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The General Election & The Private Rented Sector

When the United Kingdom goes to the ballot box on the 7th of May, the electorate will cast their votes with a host of prominent issues in mind, but how will your choice of political party impact on Tenants and Landlords in England?

The key parties’ manifestos don’t make for the most thrilling reading, so we made a strong pot of coffee and scrutinised them for you.Conservatives

The Conservative Party‘s manifesto actually makes no explicit reference to the private rented sector, but focuses intently on helping more people onto the housing ladder by extending the Help to Buy scheme. Their Help to Buy ISA will aid renters trying to save up for a deposit, and they aim to build 200,000 ‘Starter Homes’ exclusively aimed at first-time buyers under 40.

As far as the lettings industry goes, the Conservatives are taking an ‘if it ain’t broke, don’t fix it’ approach. Over the past five years, the coalition has made minor adjustments to legislation to make letting agents’ fees more transparent and to increase living standards and security within privately rented properties, and they seem to feel that this has left the industry in a good position.

Labour Party 3

In this area, the Labour Party has taken a drastically different approach to their rivals. Ed Miliband is proposing a shake-up to the industry which will involve a ban on ‘unfair letting agent fees [which] will save renters over £600’. The Labour manifesto does not stipulate what constitutes ‘unfair’, but it is not clear whether this will be the blanket ban on fees that some had expected, such as the one implemented in Scotland in 2012.

Other Labour initiatives include legislating to make three-year tenancies the norm, and imposing a ceiling on ‘excessive rent rises’. As with the above policy, ‘excessive’ will presumably not be defined until after the election, but it is bound to be linked to inflation rates. Finally, Labour has pledged to ‘drive standards up’ by introducing a national register of private landlords, doubtless designed to weed out ‘rogue’ Landlords.Lib Dems

The Liberal Democrats‘ manifesto covers similar ground to that of Labour, in that it proposes standard ‘multi-year’ tenancies with rent increases linked to inflation. They also moot a ban on letting agent fees, although this would not be implemented until 2017 and would be on the condition that fees have not dropped to an ‘affordable level by the end of 2016’ following transparency requirements brought in by the coalition.

Nick Clegg has also pledged to introduce a new initiative called ‘Help to Rent’. With other parties placing sole emphasis on helping first-time buyers onto the property ladder, the Liberal Democrats would also aim to assist those struggling to save a deposit for a rented property. This would be aimed at first-time renters under 30, and would take the form of a government-backed tenancy deposit loan.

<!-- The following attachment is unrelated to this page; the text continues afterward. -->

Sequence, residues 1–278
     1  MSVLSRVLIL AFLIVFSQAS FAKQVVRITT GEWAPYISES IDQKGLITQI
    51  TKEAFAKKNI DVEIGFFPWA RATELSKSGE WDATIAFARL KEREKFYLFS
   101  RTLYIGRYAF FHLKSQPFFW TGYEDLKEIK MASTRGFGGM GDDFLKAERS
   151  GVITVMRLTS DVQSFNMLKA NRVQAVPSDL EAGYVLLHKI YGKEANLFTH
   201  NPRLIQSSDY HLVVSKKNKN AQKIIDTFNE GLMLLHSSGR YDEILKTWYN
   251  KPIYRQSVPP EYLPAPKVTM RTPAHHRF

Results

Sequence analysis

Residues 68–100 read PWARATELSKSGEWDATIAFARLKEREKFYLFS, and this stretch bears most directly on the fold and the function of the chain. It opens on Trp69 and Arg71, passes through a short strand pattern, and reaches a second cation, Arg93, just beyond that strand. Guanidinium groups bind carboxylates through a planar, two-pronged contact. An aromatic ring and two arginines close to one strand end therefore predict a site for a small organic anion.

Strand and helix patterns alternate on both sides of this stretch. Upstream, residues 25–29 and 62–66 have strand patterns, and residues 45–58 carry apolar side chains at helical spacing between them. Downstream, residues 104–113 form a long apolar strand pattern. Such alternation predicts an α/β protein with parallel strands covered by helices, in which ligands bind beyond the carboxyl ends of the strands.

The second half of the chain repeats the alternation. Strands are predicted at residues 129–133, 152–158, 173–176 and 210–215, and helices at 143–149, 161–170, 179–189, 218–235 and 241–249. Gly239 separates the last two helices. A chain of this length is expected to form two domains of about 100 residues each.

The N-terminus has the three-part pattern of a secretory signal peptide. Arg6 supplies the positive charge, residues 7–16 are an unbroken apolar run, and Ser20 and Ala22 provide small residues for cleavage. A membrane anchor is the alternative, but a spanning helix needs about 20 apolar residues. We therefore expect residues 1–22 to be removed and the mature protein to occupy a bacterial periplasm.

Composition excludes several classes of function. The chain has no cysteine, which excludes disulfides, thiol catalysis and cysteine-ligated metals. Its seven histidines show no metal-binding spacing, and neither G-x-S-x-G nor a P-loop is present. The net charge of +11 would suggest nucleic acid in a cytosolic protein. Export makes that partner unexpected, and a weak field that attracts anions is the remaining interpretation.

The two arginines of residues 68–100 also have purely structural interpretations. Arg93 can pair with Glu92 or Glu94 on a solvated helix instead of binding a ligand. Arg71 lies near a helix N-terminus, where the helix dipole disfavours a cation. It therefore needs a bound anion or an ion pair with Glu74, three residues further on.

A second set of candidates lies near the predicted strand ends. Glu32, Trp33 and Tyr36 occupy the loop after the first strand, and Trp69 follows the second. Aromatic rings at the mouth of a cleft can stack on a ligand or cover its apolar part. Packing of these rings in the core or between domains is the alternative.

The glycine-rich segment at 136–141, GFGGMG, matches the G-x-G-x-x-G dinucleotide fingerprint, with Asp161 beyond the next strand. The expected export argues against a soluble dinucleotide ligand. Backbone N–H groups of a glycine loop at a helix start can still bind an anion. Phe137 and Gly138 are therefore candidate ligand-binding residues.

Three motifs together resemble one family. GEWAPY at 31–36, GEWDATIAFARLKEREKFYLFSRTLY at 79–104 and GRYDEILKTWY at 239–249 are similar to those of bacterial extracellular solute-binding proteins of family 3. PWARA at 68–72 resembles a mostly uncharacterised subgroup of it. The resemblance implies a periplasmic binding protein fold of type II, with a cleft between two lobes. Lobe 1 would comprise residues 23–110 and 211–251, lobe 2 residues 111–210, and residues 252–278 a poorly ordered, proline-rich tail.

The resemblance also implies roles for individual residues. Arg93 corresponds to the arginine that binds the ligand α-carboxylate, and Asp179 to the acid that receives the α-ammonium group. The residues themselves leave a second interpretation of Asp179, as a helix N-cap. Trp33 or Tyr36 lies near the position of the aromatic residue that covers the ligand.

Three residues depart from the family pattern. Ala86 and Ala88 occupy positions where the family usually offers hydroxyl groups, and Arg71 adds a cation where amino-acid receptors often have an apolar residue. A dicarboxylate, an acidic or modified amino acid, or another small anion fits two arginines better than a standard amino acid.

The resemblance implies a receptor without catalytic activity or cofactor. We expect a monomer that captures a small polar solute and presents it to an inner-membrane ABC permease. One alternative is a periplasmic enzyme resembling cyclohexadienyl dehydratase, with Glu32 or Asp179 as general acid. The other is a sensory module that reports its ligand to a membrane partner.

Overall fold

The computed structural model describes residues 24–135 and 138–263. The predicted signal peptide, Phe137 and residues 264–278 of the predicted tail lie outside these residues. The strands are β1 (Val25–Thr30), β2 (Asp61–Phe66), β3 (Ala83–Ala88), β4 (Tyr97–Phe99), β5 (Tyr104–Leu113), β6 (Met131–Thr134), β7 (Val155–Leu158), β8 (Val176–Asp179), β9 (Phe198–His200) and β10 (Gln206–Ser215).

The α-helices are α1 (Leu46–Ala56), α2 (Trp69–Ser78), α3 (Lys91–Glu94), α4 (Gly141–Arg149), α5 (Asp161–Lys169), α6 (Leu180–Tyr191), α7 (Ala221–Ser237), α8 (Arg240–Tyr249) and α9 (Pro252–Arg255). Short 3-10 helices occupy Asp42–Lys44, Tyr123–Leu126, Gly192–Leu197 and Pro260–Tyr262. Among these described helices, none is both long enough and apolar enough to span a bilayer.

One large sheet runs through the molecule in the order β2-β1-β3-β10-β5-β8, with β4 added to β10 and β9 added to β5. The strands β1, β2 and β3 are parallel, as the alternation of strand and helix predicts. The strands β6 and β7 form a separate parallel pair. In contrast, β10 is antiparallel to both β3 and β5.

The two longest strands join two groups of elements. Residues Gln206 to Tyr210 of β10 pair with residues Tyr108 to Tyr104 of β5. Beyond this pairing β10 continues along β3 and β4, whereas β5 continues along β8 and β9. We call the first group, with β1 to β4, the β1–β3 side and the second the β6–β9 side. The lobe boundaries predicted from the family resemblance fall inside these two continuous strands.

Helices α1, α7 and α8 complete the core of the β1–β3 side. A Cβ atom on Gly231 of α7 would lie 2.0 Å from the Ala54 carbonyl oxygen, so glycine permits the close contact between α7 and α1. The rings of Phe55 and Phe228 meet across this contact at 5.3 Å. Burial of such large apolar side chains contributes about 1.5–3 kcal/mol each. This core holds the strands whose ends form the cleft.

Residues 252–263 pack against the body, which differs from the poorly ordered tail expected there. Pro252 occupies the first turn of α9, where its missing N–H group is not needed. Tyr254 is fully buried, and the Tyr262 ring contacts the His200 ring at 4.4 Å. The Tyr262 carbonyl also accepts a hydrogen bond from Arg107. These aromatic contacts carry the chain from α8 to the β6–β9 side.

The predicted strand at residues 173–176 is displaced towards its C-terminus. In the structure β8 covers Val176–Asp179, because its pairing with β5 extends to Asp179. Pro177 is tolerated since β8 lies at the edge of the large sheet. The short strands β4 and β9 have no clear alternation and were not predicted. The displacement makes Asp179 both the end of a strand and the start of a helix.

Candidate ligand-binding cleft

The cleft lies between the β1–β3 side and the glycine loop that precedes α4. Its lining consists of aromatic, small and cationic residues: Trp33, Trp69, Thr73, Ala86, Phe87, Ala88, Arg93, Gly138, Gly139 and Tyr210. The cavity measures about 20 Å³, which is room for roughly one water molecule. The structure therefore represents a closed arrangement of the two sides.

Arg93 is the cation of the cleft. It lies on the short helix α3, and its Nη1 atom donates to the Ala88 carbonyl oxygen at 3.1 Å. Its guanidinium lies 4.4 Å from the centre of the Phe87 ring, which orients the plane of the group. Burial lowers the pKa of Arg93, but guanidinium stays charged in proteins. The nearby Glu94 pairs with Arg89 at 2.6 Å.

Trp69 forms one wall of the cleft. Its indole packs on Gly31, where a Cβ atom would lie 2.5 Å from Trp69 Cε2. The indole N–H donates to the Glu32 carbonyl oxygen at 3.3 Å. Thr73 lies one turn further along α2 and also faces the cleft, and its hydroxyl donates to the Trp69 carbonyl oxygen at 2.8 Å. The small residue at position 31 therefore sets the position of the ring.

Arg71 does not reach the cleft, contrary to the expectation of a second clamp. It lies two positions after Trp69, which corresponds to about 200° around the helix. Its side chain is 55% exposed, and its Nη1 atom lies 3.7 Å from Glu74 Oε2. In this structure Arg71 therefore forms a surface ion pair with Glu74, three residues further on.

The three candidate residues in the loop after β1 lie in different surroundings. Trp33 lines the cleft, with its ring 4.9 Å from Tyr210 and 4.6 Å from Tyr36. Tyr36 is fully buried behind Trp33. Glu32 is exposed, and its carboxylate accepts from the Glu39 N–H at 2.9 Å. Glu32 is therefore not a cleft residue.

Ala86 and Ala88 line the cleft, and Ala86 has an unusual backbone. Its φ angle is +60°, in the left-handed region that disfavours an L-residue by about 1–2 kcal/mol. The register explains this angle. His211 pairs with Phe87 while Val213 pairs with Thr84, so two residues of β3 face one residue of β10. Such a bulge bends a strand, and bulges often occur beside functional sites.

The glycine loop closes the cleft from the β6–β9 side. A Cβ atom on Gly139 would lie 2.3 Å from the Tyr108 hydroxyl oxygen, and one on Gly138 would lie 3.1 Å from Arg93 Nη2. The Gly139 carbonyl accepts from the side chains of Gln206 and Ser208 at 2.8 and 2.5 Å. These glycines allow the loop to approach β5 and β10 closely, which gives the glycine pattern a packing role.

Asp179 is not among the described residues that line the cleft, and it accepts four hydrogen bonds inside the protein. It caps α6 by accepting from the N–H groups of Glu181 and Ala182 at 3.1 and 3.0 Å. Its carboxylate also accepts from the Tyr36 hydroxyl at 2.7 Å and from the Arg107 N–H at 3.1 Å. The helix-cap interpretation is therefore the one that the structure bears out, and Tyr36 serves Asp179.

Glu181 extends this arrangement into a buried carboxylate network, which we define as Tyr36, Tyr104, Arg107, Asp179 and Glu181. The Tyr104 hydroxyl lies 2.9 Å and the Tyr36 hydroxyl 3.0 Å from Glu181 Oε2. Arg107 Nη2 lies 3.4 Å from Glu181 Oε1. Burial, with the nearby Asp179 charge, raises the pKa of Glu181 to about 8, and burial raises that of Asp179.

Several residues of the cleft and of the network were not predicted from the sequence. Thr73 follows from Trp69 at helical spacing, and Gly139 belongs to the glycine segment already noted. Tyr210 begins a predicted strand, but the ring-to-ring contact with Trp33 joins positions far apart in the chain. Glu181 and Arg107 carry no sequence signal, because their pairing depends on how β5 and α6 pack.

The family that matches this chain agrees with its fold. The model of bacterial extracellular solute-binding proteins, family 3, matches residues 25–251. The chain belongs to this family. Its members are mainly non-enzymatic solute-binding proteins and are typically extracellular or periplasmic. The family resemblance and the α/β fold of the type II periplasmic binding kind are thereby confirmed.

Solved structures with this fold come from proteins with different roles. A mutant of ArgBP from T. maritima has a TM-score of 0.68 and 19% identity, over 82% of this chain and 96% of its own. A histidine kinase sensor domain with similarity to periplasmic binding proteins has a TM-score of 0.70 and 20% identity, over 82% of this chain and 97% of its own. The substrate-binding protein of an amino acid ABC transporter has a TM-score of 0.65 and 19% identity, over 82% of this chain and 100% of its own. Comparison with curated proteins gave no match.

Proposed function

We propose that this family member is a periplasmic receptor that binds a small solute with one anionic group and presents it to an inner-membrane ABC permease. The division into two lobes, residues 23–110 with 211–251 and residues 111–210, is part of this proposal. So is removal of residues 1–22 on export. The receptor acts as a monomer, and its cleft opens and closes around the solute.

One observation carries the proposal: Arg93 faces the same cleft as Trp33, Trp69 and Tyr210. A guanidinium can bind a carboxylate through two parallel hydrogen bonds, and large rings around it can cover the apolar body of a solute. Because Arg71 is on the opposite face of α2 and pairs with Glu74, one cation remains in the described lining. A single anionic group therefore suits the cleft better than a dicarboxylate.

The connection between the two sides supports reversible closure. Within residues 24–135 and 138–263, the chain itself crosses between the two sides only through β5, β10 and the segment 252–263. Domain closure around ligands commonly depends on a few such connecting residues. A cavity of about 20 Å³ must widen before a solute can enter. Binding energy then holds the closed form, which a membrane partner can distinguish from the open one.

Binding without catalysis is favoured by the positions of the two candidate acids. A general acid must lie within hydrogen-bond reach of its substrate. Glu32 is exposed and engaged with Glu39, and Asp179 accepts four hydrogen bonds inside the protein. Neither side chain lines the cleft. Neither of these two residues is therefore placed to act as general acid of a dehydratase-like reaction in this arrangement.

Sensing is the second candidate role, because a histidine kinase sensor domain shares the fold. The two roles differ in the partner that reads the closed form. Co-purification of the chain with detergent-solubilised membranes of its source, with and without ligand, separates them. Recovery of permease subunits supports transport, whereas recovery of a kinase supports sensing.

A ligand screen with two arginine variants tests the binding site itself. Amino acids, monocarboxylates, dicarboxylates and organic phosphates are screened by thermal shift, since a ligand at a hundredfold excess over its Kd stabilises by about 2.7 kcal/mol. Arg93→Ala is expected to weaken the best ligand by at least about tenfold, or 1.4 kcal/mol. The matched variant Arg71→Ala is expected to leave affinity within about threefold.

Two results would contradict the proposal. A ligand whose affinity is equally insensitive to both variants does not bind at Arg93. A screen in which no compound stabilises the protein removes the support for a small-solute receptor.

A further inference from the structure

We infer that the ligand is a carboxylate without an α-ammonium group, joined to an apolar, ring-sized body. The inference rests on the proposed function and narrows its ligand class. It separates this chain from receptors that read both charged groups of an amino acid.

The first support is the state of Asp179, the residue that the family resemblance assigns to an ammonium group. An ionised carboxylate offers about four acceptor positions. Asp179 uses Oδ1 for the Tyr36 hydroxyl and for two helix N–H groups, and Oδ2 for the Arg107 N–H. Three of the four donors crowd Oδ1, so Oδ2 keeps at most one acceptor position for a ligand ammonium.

UKIP

UKIP‘s manifesto is another that focuses solely on home ownership and does not set out any major changes for Tenants or Landlords. They wish to build more affordable housing aimed at first-time buyers, and aim to bring some of England’s ‘279,000 privately-owned long-term empty homes’ back into use through increasing taxation on properties that remain empty for more than 2 years.Green

The Green Party manifesto usurps Labour’s proposals and sets out its own plans for what would be a highly regulated private rented sector. Natalie Bennett’s party would introduce a ‘living rent’ tenancy which would include five-year fixed tenancy agreements, as well as ‘smart rent control’ that caps annual rent increases to the Consumer Price Index.

Local not-for-profit letting agencies would be set up, and fees for tenants would be abolished across all agencies. A mandatory license for Landlords would be established, and alterations would be made to make buy-to-let mortgages less attractive, including removing tax incentives such as mortgage interest relief.

In Summary…

The Conservatives and UKIP seem content with the current condition of the lettings industry, and do not address private renters or landlords in their manifestos. The Liberal Democrats and Labour both outline alterations to the sector, with both parties agreeing on rent control, standard multi-year tenancies and regulation of agency fees. The most radical policies are those of the Green Party, whose plans would drastically change how renting works for tenants, landlords and agents.

On May the 7th, Britain’s political landscape may well change; it remains to be seen whether the private rented sector will also be affected.

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